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How Long Will You Be Stuck Playing This Bar Game?

Welcome to The Riddler. Every week, I offer up a problem related to the things we hold dear around here: math, logic and probability. These problems, puzzles and riddles come from lots of top-notch puzzle folks around the world — including you! You’ll find this week’s puzzle below.

Before we get to the new puzzle, let’s return to last week’s. Congratulations to 👏 Nathan Rooy 👏 of Cincinnati, our big winner. You can find a solution to the previous Riddler at the bottom of this post.

Now here’s this week’s Riddler, a pub game puzzle that comes to us from James Cherry, an electrical engineer from Waterloo, Ontario.

Consider a hot new bar game. It’s played with a coin, between you and a friend, on a number line stretching from negative infinity to positive infinity. (It’s a very, very long bar.) You are assigned a winning number, the negative integer -X, and your friend is assigned his own winning number, a positive integer, +Y. A marker is placed at zero on the number line. Then the coin is repeatedly flipped. Every time the coin lands heads, the marker is moved one integer in a positive direction. Every time the coin lands tails, the marker moves one integer in a negative direction. You win if the coin reaches -X first, while your friend wins if the coin reaches +Y first. (Winner keeps the coin.)

How long can you expect to sit, flipping a coin, at the bar? Put another way, what is the expected number of coin flips in a complete game?

Need a hint? You can try asking me nicely. Want to submit a new puzzle or problem? Email me.

Last week’s Riddler concerned an archvillain who was slicing the pentagonal Riddler headquarters in half with a powerful laser. To recap the details: In-house mathematicians were tasked with moving sensitive riddling equipment to the safer locations in the headquarters. Your job was to identify those parts of the building that were at especially high risk of being zapped and, for extra credit, to calculate their area. Our solution comes to us from an anonymous philosopher.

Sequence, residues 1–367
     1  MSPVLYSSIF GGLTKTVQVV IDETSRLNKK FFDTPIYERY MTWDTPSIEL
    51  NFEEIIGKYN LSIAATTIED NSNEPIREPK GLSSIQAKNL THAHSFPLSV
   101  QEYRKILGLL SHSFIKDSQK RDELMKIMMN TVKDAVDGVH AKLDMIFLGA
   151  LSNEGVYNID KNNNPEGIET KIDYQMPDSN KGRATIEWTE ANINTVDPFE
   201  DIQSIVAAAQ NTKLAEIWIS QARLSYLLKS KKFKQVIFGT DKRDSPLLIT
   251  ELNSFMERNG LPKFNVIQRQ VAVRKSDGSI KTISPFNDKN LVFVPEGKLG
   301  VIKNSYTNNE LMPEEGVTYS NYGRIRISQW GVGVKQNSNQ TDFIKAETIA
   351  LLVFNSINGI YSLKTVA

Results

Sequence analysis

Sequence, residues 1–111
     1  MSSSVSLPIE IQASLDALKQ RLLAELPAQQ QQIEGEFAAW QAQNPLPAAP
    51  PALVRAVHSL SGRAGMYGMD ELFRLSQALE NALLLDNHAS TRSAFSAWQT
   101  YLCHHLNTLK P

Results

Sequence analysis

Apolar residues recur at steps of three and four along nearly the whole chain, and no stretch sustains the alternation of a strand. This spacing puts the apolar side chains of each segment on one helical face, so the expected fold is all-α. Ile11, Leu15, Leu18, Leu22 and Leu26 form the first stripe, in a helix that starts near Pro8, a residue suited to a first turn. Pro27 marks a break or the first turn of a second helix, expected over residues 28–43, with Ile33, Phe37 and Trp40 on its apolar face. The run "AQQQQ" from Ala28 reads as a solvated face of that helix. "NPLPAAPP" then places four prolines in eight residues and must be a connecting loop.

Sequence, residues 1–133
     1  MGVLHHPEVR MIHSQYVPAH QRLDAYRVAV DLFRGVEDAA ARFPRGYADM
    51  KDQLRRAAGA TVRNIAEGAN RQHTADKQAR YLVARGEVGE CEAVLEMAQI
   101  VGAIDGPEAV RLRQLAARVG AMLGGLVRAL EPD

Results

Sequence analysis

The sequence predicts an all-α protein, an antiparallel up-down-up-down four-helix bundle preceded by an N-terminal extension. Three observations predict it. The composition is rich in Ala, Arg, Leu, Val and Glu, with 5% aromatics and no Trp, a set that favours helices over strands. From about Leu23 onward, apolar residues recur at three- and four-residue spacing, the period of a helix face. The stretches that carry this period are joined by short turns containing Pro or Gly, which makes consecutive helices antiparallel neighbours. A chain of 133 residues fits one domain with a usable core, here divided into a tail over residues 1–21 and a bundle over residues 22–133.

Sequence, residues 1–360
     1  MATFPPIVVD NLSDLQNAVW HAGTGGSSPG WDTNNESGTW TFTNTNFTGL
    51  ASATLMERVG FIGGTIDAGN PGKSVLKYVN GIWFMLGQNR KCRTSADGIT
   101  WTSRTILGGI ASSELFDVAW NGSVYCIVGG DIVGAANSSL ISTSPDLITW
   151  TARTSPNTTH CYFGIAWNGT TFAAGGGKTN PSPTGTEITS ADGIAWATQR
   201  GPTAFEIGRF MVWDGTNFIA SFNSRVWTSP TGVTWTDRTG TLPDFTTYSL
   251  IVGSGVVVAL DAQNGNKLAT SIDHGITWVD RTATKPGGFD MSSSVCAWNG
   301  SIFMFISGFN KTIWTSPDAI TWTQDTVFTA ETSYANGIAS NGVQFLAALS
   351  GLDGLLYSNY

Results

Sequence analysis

The solution put simply: Keep away from the center! The pentagon’s area bisectors intersect near that point, raising the odds that central regions will be zapped. The perimeter is safest, and if archvillain Laser Larry randomizes his laser attack uniformly over perimeter points rather than angle, the middles of the sides are the safest of the safe.

For an even-sided regular polygon, such as a square, all area bisectors intersect at the center point itself, making it the most dangerous place, and danger decreases with distance from it. But for an odd-sided polygon, such as our pentagon, the most dangerous places are still where bisectors intersect, but it is not true that all bisectors intersect at a single point. That’s where things get interesting.

When we examine all the possible paths along which Laser Larry might slice our building in half, some especially dangerous points emerge that take the shape of a curvy star. These are the points that are sliced by multiple possible laser bisectors. It looks like this:

Steer clear of the curvy star.

For much, much more on the deep math underlying this problem, and methods to calculate the area of the star-shaped danger zone, see the rest of the full solution provided by the anonymous philosopher. (Editor’s warning: The solution is exhaustive, to say the least, and corybantic, to say the most, and you certainly needn’t have worked out all its pieces to answer the problem correctly. But the puzzle is so cool and rich I’ve included it all there for the riddling record.) For some other takes, see these analyses from our winner, Nathan, and from Laurent Lessard.

Elsewhere in the puzzling world:

• Find four fractions. [The New York Times]
• Some tennis problems. [Expii]
• A swarm of B’s. [NPR]
• You thought this solution was long? Here’s the largest ever math proof. [Nature]

Have a super weekend! Keep away from lasers.

Oliver Roeder was a senior writer for FiveThirtyEight. He holds a Ph.D. in economics from the University of Texas at Austin, where he studied game theory and political competition.